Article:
Lucy Flopsy Bunny Wunny, Bristol

    Dear little sugar plum, tonight is a special night... make a lovely dinner, put some beer in the fridge, set a table in the middle of the dining room and then... go to your mothers, I've got a few of the lads coming over for cards!
    Mal Walker, Adelaide, Australia

    If Snugglepuss marks his territory AROUND the loo again he'll find himself taking a romantic mini-break to Huntingdon research centre.
    Helene Parry, South Wales expat to Brentford Lock

    I know you love me baby, and do lots for me. Yes snookums, I love you to. You know I do. But Palace don't play Arsenal on tv every day y'know. Mwah!
    Ed, London

    Roses are red,
    Violets are blue,
    The kids have left home,
    Now why don't you ?
    Steve Pauline, Warrington, UK

    Does my ickle cuddy-bear not understand the words "Restraining order"?
    Kat, UK

    I want to make sure that you truly understand how I feel about you so I employed Alistair Campbell to compose my Valentine Message but he e-mailed it to the BBC by accident
    Sarah, Swindon

    You can tell everybody, this is your song. It may be quite simple but then, so are you.
    Dave Godfrey, Swindon

    If Andy Pandy gets sidetracked with Teddy to the pub on the way home tonight, then Looby Loo will run away with Spotty Dog :-p
    Annie

    Shall I compare thee to a summer's day? You're bitter, cold, and dull, and grey: Far from a sunny May-Day fine. No, darling, you're my Valentine.
    Ickle Pookle-Wookle, UK

    What inspired this amourous rhyme? Two parts vodka, one part lime.
    Debora Marsh, Milton Keynes

    (That's enough miserable messages now, you killjoys.)

    YOUR LETTERS MONDAY 14 FEBRUARY 0935GMT

    Re: Fox elected as new leader of SSP, 13 February. Cunning... That's bound to upset the anti-hunting lobby.
    Stuart Kingston,
    Guildford, UK

    After refusing a biscuit at work and stating that for Lent I hag given up all types of goodies, my colleague innocently declared "For the love of God why".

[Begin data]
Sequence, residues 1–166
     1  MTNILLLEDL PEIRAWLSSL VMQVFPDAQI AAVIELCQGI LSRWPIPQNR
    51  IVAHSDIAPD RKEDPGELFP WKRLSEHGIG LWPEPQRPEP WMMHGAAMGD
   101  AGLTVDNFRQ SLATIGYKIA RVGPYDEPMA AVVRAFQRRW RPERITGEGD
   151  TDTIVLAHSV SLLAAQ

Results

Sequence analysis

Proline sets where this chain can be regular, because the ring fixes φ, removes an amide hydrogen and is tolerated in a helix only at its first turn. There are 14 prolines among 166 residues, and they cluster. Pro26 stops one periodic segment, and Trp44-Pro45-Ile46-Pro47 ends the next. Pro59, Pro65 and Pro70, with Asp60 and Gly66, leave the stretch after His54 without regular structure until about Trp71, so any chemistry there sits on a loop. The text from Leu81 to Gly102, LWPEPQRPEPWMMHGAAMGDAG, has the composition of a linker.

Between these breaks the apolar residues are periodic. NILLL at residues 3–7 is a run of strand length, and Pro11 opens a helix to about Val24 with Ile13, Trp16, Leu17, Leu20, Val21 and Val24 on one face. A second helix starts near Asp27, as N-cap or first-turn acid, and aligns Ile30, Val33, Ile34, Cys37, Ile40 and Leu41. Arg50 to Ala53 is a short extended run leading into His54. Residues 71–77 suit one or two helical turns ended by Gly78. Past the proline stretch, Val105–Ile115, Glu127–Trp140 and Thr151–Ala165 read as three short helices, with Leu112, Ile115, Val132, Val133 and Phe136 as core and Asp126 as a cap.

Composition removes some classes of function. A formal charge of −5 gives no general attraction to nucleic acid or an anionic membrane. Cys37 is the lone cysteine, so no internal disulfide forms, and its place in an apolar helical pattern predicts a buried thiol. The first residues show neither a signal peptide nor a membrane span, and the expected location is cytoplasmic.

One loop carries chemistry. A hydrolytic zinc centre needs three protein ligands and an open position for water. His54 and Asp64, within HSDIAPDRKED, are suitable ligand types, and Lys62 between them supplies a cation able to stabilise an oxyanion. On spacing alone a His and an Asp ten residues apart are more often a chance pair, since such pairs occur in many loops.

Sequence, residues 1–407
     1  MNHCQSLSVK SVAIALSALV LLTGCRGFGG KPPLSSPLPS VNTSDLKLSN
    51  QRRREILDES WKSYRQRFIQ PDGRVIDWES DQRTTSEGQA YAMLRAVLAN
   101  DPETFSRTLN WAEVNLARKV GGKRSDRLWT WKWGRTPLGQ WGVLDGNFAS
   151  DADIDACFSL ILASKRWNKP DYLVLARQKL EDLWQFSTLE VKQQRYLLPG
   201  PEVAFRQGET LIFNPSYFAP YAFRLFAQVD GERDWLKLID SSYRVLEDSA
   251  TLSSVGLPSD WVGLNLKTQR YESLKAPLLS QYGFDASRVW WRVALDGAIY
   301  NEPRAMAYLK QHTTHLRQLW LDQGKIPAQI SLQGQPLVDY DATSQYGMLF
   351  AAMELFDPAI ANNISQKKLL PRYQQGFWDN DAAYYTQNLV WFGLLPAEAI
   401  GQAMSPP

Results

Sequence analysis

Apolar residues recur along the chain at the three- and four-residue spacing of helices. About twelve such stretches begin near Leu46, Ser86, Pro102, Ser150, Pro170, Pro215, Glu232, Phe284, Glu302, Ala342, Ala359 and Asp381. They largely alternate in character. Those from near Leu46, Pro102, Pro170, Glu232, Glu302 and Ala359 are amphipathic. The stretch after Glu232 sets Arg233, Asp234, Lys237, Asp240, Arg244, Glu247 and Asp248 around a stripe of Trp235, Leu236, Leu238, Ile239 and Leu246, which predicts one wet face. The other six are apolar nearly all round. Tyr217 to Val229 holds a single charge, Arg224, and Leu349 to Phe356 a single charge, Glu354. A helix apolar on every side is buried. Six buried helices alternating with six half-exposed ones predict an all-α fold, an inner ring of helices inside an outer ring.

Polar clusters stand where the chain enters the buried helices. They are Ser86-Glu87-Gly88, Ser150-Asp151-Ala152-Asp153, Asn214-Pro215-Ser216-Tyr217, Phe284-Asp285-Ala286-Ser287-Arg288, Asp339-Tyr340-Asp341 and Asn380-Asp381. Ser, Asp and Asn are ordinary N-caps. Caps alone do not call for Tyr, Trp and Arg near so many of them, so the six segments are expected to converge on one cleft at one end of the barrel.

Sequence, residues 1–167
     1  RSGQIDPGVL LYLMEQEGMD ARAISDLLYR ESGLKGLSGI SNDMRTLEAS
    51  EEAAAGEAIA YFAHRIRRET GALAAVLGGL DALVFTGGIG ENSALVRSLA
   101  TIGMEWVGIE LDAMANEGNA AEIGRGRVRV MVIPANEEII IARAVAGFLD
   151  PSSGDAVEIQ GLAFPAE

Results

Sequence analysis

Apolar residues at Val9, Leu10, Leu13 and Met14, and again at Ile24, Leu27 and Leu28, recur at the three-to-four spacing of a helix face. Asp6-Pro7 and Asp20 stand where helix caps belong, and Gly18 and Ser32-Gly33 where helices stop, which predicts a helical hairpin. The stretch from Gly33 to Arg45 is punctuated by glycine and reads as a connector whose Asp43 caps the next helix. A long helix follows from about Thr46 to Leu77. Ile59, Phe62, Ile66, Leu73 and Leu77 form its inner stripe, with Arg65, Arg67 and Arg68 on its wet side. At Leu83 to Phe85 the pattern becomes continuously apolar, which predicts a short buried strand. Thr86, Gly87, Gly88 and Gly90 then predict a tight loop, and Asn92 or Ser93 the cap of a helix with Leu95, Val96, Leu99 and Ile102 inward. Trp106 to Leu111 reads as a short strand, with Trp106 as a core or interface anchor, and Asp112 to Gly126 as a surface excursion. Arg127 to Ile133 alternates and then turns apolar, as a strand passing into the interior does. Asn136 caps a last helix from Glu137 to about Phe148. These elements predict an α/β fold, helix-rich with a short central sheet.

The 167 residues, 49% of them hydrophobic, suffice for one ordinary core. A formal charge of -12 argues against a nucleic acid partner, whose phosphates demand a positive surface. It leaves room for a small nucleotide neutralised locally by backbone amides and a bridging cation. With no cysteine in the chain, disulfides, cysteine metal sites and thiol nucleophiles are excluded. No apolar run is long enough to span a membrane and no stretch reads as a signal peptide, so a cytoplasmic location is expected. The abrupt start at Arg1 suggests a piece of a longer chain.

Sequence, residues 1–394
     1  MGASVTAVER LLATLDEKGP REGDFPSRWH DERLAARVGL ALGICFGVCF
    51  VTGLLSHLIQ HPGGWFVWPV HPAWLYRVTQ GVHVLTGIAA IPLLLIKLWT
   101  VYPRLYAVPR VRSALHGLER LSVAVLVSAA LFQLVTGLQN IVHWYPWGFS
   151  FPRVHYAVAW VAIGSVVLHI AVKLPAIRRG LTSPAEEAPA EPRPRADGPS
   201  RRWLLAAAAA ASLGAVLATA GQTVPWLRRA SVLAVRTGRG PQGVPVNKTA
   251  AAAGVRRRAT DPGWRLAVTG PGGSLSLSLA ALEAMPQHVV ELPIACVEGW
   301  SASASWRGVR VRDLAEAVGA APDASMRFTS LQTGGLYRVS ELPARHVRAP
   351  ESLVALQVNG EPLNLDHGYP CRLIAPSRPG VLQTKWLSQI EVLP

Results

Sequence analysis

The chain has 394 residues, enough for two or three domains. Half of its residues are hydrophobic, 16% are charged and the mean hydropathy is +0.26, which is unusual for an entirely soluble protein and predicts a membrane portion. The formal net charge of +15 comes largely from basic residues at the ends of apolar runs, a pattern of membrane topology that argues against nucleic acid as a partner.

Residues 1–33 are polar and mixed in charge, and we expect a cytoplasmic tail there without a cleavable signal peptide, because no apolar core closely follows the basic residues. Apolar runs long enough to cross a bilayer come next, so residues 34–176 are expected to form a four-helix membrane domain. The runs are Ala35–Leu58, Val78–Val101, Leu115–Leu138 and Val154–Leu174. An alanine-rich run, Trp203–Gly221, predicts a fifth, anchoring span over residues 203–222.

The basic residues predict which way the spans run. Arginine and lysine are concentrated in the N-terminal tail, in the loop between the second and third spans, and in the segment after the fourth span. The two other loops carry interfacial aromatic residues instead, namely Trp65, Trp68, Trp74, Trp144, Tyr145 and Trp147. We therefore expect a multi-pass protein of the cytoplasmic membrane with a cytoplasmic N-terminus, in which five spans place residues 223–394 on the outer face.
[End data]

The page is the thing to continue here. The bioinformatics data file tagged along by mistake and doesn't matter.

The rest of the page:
Rebecca Morgan,
    Sheffield UK

    Perhaps the "bee" logo for the lunchtime limerick is to signify five lines with a sting in the tail. The neck as a sixth line is obviously artistic licence.
    Ed Loach,
    Clacton, UK

    (Monitor note to Loach: No, you're getting colder.)

    SI'S RIDDLE MONDAY 14 FEBRUARY 0930GMT

    Every Monday Si sets you a riddle to kick-start your brain.

    State of Change

    Solve this substitution cipher to find the 9-letter word that links the following terms:

    CEGPLPW
    MSRBZNLYE
    PLBBLY MTIE
    ZBGTT QXRNE
    LSGYDE NRC
    BGSZX OSRNRTTGSA

    Submit your answers using the form below.

    Name
    Your e-mail address
    Town/city and country
    Comments

    The BBC may edit your comments and not all emails will be published. Your comments may be published on any BBC media worldwide.


    The answer to last week's riddle was as follows: The initial letters of words spell out " largesse double you eye any". Which sounds like the spelling of Swine. The winner was Jane Young, from Guildford.

    BY THE WAY MONDAY 14 FEBRUARY 0900GMT

    A regular note of anniversaries that might otherwise be overlooked.

    14 February is the 605th anniversary of the murder of Richard II (possibly ordered by his cousin, later Henry IV.